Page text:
Where’s the inflation? Oil prices have risen by about 50% this year, while the dollar has weakened by about 10% (on a trade-weighted basis), which raises import prices. We would typically expect both of these effects to generate inflation. Yet most measures of inflation still show it at historically very low levels.
However, this CBSMarketwatch.com story, which is primarily about the prospects for further weakening of the dollar, provides some interesting tidbits about the possibility that inflation pressures may be building:
Bridgewater Associates’ Daily Observations observed yesterday: “The striking theme coming out of third quarter earnings reports has been the pressure of corporations to raise prices on the heels of rapid increases in materials costs. All in all, the picture bubbling up from corporate America makes it appear that inflationary pressures that have already hit the early stages of production are likely to flow through to overall gauges of inflation.”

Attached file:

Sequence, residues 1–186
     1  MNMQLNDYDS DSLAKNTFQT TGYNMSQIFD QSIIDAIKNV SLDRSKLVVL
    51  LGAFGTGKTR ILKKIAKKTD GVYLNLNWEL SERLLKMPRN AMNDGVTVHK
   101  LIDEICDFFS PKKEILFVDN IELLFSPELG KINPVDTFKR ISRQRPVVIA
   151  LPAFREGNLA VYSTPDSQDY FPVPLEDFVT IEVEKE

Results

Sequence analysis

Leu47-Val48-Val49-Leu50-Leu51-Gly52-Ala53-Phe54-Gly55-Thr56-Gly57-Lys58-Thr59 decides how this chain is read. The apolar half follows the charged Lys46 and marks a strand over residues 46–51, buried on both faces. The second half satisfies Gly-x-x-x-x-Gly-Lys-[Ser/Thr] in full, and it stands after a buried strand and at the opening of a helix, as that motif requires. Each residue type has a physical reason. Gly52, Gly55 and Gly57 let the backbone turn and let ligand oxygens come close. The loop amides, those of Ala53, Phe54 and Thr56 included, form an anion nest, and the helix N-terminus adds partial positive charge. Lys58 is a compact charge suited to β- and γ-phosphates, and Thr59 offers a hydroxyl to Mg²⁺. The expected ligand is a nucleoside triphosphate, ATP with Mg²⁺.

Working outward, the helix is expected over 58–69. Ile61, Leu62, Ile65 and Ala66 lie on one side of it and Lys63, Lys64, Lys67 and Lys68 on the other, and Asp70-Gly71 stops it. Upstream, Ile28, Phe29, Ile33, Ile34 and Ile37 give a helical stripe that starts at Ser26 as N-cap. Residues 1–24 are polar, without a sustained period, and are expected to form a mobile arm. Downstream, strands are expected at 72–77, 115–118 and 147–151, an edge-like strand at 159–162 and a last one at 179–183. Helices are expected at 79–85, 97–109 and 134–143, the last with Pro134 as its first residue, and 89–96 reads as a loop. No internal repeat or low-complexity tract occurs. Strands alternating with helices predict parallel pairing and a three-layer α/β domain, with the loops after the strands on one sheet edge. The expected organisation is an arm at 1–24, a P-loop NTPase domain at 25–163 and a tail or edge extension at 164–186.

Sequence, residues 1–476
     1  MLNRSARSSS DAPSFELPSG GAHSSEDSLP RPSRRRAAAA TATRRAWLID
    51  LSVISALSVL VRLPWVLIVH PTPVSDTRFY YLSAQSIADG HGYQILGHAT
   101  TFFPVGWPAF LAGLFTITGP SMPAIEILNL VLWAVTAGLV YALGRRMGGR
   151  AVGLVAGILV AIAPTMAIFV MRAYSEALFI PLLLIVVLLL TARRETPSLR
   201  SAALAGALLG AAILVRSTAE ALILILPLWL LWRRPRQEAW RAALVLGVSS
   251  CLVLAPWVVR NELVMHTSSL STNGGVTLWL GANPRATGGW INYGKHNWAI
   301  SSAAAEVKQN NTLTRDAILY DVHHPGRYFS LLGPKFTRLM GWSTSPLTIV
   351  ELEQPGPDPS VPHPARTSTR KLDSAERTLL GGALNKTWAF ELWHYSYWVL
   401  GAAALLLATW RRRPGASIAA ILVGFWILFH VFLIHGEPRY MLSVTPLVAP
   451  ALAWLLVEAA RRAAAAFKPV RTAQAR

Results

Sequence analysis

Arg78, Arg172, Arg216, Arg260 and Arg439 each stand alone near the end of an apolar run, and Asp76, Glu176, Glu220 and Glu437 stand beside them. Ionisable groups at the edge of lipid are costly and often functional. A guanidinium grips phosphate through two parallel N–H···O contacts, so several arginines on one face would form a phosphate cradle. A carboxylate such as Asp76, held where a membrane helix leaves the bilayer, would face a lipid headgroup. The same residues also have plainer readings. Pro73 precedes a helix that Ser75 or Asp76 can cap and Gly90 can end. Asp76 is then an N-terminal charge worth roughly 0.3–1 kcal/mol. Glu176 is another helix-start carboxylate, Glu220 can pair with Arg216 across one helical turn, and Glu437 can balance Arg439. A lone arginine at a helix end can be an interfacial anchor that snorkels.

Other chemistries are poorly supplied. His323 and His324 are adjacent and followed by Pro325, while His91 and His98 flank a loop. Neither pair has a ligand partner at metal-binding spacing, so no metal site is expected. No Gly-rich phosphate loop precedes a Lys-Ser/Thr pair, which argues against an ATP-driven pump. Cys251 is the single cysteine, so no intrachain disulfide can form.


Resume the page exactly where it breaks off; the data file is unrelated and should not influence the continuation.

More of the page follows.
I actually think a bit of inflation would be good for the economy (though not nearly as good as it would be for Japan’s economy…), but I’m sceptical about whether firms are facing enough demand to be able to pass on price increases. Next week we’ll get the October inflation data from the BLS. The results will be interesting.